BYU-Idaho President Alvin F. Meredith III and Sister Jennifer Meredith announced a campuswide date night event at Tuesday’s devotional before delivering their devotional addresses.

President Meredith encouraged students to mark their calendars for a free date night event at the BYU-Idaho Center on Wednesday, Jan. 31 at 6:30 p.m. as he and Sister Meredith spoke on the importance of dating. They also confirmed that various universities and institutes in the Church Educational System will be holding a similar date night at their respective facilities.

President and Sister Meredith address the students of Brigham Young University- Idaho in the I-Center for devotional.

President and Sister Meredith address the students of Brigham Young University- Idaho in the I-Center for devotional. Photo credit: BYU-Idaho photo by Tanner Brown

President Meredith began devotional by sharing his testimony of the Book of Mormon and encouraged students to be intentional in reading and studying it daily.

He quoted President Russell M. Nelson’s promise in his October 2017 General Conference address:

“I promise that as you prayerfully study the Book of Mormon every day, you will make better decisions—every day. I promise that as you ponder what you study, the windows of heaven will open, and you will receive answers to your own questions and direction for your own life. I promise that as you daily immerse yourself in the Book of Mormon, you can be immunized against the evils of the day…”

Following the opening prayer and musical numbers, Sister Meredith began her devotional address by recalling her family’s experience living in Singapore, where it was typical for people to say “can” or “cannot” in place of “yes” or “no.” The word took on new meaning for Sister Meredith as she noticed its role and importance in gospel teachings.

She shared that the letters C-A-N helped her remember Christ, the Atonement of Christ and “new.”

“Dear friends, as we begin this new year and this new semester together, the point is simply this: we can,” Sister Meredith said. “Through Christ and the blessings of the Atonement of Christ, we can become new creatures.”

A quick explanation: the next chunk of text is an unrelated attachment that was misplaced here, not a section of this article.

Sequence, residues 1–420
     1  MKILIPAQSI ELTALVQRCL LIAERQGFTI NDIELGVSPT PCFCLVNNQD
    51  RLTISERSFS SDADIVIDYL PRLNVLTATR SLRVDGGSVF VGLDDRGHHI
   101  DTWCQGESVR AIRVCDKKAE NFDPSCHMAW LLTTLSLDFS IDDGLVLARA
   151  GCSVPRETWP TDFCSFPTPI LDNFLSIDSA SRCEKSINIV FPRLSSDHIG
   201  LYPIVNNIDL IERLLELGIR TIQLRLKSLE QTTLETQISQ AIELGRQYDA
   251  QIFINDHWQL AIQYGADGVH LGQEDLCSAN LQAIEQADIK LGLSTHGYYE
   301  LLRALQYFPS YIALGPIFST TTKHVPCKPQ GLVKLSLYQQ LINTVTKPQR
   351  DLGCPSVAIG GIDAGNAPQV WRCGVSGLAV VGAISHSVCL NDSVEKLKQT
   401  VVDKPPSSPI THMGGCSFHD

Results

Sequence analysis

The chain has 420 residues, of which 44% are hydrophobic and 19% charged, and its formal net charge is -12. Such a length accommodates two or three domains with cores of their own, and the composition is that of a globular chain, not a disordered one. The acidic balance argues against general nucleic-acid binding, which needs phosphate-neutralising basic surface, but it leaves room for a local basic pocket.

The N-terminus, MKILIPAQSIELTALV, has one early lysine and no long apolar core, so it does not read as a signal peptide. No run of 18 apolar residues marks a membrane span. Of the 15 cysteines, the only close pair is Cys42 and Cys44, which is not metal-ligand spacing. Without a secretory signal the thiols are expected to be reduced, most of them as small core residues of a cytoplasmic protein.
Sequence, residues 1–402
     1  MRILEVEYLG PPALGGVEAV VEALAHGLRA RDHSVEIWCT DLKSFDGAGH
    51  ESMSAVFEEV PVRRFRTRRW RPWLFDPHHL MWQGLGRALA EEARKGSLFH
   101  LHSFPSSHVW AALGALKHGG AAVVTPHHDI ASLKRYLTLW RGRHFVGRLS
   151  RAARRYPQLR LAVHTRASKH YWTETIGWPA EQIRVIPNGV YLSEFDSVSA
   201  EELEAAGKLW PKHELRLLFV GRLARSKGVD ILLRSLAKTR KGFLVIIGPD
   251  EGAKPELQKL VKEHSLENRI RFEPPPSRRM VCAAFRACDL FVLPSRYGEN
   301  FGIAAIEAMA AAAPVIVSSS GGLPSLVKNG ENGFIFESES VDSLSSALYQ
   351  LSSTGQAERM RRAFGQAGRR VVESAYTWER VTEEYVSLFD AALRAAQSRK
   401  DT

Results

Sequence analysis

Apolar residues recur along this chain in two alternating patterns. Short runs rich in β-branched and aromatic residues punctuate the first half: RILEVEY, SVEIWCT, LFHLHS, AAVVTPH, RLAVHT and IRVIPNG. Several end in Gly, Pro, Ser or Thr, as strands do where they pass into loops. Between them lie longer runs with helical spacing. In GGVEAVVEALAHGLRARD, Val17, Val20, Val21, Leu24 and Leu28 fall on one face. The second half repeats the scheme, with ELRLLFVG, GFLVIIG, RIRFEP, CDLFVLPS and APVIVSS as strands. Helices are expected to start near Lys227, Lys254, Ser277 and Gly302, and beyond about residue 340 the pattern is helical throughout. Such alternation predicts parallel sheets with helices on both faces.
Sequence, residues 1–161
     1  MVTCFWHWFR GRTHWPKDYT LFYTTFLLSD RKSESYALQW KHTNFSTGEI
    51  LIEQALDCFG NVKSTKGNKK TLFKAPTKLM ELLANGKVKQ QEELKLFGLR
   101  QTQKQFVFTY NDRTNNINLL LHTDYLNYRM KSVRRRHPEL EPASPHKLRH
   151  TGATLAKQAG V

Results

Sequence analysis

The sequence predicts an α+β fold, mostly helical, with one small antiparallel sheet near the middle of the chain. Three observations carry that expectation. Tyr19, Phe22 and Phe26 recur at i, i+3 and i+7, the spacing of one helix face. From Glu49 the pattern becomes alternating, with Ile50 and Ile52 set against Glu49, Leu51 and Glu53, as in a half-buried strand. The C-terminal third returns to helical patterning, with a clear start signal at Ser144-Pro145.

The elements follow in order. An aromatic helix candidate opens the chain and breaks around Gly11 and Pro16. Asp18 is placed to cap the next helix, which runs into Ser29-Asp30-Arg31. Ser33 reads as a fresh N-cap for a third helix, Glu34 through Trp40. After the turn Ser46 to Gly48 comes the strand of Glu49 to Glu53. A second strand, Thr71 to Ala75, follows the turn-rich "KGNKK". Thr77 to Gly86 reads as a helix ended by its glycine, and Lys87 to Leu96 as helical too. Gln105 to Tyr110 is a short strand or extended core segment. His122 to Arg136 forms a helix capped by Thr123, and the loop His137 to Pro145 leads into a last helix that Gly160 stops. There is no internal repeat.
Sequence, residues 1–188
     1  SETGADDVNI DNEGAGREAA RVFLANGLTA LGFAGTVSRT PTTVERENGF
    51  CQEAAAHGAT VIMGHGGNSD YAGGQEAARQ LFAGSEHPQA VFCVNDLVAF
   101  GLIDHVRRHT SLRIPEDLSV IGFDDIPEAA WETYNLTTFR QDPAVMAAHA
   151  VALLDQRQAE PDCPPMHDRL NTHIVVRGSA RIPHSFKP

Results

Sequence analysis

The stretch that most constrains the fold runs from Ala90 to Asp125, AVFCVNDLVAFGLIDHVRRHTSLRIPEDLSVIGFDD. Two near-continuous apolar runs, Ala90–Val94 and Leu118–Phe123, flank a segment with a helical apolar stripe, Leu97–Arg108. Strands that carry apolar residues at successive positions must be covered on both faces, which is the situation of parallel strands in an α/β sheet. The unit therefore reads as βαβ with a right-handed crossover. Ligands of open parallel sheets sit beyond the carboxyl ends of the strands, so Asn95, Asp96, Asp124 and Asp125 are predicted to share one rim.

President and Sister Meredith speak at the first devotional of the Winter 2024 semester.

President and Sister Meredith speak at the first devotional of the Winter 2024 semester. Photo credit: BYU-Idaho

President Meredith delivered his devotional address inspired by President Nelson’s recent invitation to “think celestial” and his BYU speech from 1984 titled “Begin with the End in Mind.” President Meredith emphasized that beginning with the end in mind applies to being a leader and being a disciple of Jesus Christ.

He invited the audience to picture themselves sitting in a rowboat in the middle of calm water and to imagine how fast they would row if there were no sign of land in any direction. Then, he asked how fast they would row if they could see land on the horizon.

“Great leaders have a clear vision of the end of any endeavor—the potential of what can be accomplished,” President Meredith said. “In other words, they understand what they want to accomplishWithout that vision, other things are of little consequence and can, in fact, distract and misdirect one’s journey.”

To demonstrate the importance of looking ahead as a disciple of Christ, especially amid temptation, President Meredith shared a story from his teen years. When he was 15, his father was teaching him how to drive. He believed he was driving cautiously, but his father noticed he was swerving all over the road because he was looking at what was directly in front of the vehicle rather than down the road where they were headed.

As we travel on the road of our lives, one reason we may swerve or veer from the straight and narrow path is that we get too myopic and just look at what is immediately in front of us,” President Meredith said.We will make better choices if we lift our eyes up regularly to ensure we are headed in the right direction.”

Devotional is every Tuesday at 11:30 a.m. in the BYU-Idaho center or can be streamed from the BYU-I website.